When I was at the tender young age of eight, a child who’d just been advanced a grade and feeling out of place, a book was recommended to me. It was My Side of the Mountain by Jean Craighead George. The story of a young man who runs away from home to live in the woods, it changed my life forever.
A 1960 recipient of the Newberry Medal, My Side describes the ways in which young Sam Gribley, a twelve-year-old who tires of the city life, survives on the abandoned farm of his great-grandfather. Living in a hollowed-out oak tree, young Sam trains a falcon and lives off the land for a year before finally being joined by his family who also eschew the life of a cramped apartment.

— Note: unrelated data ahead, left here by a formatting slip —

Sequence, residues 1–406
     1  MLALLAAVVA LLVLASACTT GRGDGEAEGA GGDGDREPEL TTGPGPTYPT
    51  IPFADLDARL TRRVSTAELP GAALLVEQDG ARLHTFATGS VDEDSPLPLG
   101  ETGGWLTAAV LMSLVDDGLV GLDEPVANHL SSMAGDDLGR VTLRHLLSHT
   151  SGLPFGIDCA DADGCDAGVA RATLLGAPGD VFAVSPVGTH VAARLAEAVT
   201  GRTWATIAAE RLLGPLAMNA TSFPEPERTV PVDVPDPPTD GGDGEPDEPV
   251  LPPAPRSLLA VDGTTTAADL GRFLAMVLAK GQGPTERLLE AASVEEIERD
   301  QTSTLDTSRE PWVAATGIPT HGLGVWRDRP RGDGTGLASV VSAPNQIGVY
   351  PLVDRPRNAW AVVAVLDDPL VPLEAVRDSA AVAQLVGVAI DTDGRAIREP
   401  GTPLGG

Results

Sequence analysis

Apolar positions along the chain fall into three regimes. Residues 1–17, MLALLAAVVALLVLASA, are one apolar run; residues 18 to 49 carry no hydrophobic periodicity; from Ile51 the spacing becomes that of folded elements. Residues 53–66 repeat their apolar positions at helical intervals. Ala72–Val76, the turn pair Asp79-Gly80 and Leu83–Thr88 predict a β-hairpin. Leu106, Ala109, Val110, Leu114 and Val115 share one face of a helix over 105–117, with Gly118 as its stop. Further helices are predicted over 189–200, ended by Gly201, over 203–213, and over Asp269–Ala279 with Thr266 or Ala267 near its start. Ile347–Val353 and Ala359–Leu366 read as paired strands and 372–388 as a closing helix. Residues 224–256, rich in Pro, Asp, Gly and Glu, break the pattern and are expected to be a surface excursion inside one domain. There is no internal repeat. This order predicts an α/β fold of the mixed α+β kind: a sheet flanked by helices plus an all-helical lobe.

My Side opened my eyes to a whole new world; one in which a disenfranchised, neglected young man was free to make his own way. A world where one wasn’t a slave to society, but rather was able to escape the modern world and return to a life of simplicity and sustenance. This book entered my life at a turbulent time. My grandfather had just passed away, I was found to be a “gifted” child, and I had lost all my friends upon being advanced a grade in school. I was tired of life already, and I wasn’t even ten. My Side showed me that I didn’t have to live in that world. I was free to escape into a land where I was in charge and no others were to be seen. From this book was spawned a love of gardening, a love of reading, and a love of being an independent, free-thinking individual. My Side of the Mountain changed my life and made me the adult I am today.